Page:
Moulsecoomb School allotments

Moulsecoomb Senior Boys' School this end, girls' the other. The allotments were across the lane at this end of the school. Also at the foot of that lane was a temporary mortuary, situated up the lane above the allotments.
Photo by Ron Spicer.

During the war, Churchill’s call to dig for victory was answered at Moulsecoomb School. The teachers at the senior school took turns in escorting their pupils to the allotments across the way by the old mortuary building.

Class allotments
So far as I’m aware, each class had its own special allotment to cultivate and, without at first realising it, the teachers soon became aware of the fact that their poor pupils out of necessity were used to cultivating crops so they more or less ceased to advise on what to do! I can’t imagine such areas totally open to anyone, as they were, remaining without vandalism nowadays.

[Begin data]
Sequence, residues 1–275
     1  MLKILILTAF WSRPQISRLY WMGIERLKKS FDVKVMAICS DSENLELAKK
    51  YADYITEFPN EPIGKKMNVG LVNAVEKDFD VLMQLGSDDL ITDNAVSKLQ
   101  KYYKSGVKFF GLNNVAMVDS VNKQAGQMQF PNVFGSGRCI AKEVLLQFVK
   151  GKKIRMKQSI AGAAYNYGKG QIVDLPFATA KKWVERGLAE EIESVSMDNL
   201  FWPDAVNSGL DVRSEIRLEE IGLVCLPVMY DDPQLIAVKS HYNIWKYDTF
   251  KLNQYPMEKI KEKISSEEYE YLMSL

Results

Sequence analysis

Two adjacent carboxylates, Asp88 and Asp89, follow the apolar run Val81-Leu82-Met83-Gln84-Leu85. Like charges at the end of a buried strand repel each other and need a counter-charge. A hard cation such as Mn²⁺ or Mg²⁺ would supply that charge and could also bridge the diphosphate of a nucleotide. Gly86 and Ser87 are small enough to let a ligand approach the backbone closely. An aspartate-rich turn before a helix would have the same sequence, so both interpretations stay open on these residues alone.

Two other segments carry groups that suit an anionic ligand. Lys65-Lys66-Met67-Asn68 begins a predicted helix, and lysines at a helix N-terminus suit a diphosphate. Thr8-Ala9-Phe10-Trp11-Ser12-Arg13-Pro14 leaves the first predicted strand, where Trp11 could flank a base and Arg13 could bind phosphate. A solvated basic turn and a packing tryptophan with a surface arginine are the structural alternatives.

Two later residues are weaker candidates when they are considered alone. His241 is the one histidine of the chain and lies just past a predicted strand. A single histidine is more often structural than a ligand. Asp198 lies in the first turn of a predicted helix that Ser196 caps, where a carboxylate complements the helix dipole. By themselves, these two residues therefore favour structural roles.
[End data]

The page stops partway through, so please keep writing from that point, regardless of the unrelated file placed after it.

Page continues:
Proud of their achievements
All the kids were so proud of their achievements, possibly because they knew they were engaged in an activity in which the teachers’ knowledge was inferior! I wonder who else can remember those times, and the way the watering had to be done in the dry weather?

Comments about this page

  • Great to read about that time. I’m a teacher at the school and you’ll be pleased to know that in the last eight years we have not had any cases of vandalism at the school and that includes our outside buildings which some people thought would get wrecked. You can view the grounds and school on our website:

    By Andrew Bradstreet (10/11/2008)